If an intelligent, physically fit man were to offer his services to society to save lives and property from destruction one would assume such services would be heartily welcomed and much appreciated. Well not so fast, because for over 100 years African-American folk offered such services to the New York City Fire Department and were told ‘No thank you, this is white man’s territory.’

This history of blatant racism is told in this great book, “Firefight,” by Ginger Adams Otis.  It is his-story, her-story, our story — heroic on one side, shameful on the other and Otis tells it all in brilliant storytelling fashion on how the folks with white skins got them blackened in fires and folks were black skins were kept away from arenas where skins got blackened.

The Fire Department was dominated by the Irish and laterally by the Italians and their sons and grandsons and despite so-called competitive exams it was quite amazing how very few folks of color could be found to qualify. A few did, and these brave souls formed the Vulcan Society and bit by bit the numbers are changing and now when firefighters emerge from the fire faces blackened, all we know is that people were saved, the fire put out and the job done. The book “Firefight” is entertaining read but also an inspiring saga of a few intensely courageous tenacious visionaries who faced two enemies — fire and bigotry — one with water and the other with faith and example. This book is far more absorbing than any fiction and if you are not a New Yorker, dive in — you will qualify to be native of this city by just reading “Firefight.”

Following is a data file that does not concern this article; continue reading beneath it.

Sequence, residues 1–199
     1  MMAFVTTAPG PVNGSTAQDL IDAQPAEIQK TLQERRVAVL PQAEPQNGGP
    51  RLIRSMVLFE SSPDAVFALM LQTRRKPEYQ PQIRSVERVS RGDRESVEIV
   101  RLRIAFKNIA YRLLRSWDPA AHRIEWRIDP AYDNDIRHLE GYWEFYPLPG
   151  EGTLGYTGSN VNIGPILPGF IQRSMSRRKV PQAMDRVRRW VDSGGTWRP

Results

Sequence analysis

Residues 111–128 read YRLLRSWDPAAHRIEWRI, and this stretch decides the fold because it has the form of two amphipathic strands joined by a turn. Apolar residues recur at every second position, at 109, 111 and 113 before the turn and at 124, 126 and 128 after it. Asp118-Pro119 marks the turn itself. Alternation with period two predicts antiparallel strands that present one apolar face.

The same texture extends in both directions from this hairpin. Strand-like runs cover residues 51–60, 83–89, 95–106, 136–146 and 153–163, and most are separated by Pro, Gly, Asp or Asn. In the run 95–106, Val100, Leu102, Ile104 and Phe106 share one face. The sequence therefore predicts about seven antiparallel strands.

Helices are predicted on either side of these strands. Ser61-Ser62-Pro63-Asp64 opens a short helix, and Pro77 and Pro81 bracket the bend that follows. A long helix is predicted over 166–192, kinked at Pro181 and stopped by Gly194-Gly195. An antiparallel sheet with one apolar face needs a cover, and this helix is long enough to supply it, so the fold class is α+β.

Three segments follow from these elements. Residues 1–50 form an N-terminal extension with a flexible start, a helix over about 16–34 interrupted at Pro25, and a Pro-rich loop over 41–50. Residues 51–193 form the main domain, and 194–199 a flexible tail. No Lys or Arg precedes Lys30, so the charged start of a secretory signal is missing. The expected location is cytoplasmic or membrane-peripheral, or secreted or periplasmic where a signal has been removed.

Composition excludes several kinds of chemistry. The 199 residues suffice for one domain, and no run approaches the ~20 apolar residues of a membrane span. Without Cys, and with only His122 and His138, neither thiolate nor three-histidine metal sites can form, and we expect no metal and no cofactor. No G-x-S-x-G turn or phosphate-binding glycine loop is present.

Malachy McCourt